Twitter: coreyrich

Ask Corey: What Are the Fundamentals of VR?

Hey Corey, I follow you on social media and see that you’re doing a lot of work in 360. Wondering if you had any tips for how to get started shooting in VR? Thanks! —Mark K.

Congrats on taking the deep dive into shooting in Virtual Reality (VR)! It’s an exciting time to be working with this emergent technology because it feels like we’re on the frontier. There are no rules, no laws, and the possibilities are wide open.

I’ve been working as a director on a number of different VR projects using a range of 360 cameras, from the Jaunt VR to the Nikon KeyMission 360. Indeed, it’s been a big learning experience for me, because there has been so much to wrap my head around, from planning the shoot, to mounting the cameras, to working in post-production, to experiencing the final product. In some ways, shooting in VR is an entirely different beast; in other ways, it draws heavily on traditional filmmaking techniques.

Off the top of my head, I’ve jotted down some ideas for you to consider as you begin to wrap your own head around the world of 360.

Are you in the shot—or not?

One of the most fundamental decisions you need to make when shooting in 360 is, are you in the shot—or not?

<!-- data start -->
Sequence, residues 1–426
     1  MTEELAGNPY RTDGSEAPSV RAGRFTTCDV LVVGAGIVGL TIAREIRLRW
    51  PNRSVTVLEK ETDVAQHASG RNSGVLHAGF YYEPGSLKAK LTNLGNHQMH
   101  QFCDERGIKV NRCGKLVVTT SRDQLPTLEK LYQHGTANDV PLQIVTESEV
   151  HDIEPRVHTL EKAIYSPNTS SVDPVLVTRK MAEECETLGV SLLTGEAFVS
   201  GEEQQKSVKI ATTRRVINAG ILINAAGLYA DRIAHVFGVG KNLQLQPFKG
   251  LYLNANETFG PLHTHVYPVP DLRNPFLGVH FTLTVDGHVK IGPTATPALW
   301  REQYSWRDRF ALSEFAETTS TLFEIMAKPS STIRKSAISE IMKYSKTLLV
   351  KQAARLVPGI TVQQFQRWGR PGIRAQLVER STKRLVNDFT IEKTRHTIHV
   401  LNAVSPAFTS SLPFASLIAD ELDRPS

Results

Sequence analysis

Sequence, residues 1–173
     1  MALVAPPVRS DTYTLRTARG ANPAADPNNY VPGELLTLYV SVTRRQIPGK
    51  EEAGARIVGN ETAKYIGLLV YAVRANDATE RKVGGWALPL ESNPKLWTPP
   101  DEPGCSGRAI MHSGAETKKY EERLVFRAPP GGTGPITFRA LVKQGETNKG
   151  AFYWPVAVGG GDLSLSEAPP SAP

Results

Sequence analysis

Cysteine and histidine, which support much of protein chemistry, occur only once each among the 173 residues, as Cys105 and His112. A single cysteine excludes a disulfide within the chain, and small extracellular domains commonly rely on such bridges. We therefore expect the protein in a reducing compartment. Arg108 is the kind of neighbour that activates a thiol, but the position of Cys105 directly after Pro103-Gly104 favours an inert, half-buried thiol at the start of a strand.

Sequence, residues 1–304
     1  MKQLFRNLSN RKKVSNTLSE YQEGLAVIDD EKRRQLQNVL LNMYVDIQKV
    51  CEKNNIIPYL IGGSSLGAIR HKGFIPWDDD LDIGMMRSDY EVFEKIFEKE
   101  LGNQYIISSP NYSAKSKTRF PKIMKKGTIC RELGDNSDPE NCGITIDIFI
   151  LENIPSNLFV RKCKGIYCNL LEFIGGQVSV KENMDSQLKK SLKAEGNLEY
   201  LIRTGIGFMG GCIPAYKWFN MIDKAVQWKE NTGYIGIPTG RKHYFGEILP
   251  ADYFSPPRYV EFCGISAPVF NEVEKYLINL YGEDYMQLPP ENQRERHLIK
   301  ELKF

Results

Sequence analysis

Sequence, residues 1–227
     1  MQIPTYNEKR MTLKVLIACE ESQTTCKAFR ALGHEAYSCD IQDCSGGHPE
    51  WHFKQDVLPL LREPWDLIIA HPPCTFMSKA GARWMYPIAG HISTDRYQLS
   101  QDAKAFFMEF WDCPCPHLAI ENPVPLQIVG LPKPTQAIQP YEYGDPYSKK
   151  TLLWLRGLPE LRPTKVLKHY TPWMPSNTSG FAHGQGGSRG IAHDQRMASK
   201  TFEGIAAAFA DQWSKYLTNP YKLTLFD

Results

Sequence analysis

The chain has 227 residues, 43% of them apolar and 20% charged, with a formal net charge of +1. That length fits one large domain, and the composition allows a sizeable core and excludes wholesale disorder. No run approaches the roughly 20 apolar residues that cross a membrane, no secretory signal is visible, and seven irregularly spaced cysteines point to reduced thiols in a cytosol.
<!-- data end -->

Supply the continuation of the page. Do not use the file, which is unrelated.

In traditional filmmaking and photography, we stand behind the camera, and witness the action unfold in front of us. What we see is what the viewer will see.

In 360, clearly this approach doesn’t work because the camera records everything. My decision is typically that I will NOT be a part of the shot. This decision has led to some interesting new experiences, where you are directing action from a hidden location, such as around a corner or while lying on my stomach, hidden by some bushes!

That said, there are some moments where being a part of the shot might make more sense. For example, I might be part of the shot in an interview scenario so that my subject isn’t sitting in a room, alone, talking to herself. The other scenario is behind-the-scenes (BTS) content, where the goal is to show the entire sausage-making process.

Will the audience see how the camera is mounted?

Will you let the audience see the camera mount, or not? With the Nikon KeyMission 360, there is a small (roughly 12- to 14-inch) cone of invisibility north and south of the camera in which you can hide a camera mount. However, if you mount the KeyMission 360 on a normal tripod, the tripod legs will be in the shot.

It’s worth experimenting with your camera to see what works and what doesn’t. If seeing a camera tripod doesn’t bother you from an aesthetic perspective, that might give you a lot more flexibility. Typically, however, I try to avoid showing the camera mount because I find it to be distracting to the VR experience.

Is the camera moving or fixed?

In recent years, thanks to relatively affordable and badass technology from companies such as FreeFly and Kessler, we small-footprint-production filmmakers have been able to create cinematic, fluid camera movements that were formerly only available to directors with Hollywood-sized budgets.

When shooting VR, there is something to be said about the simple, locked-off shot. With a camera in a fixed position, the viewer is better able to enjoy the VR experience without becoming too nauseated.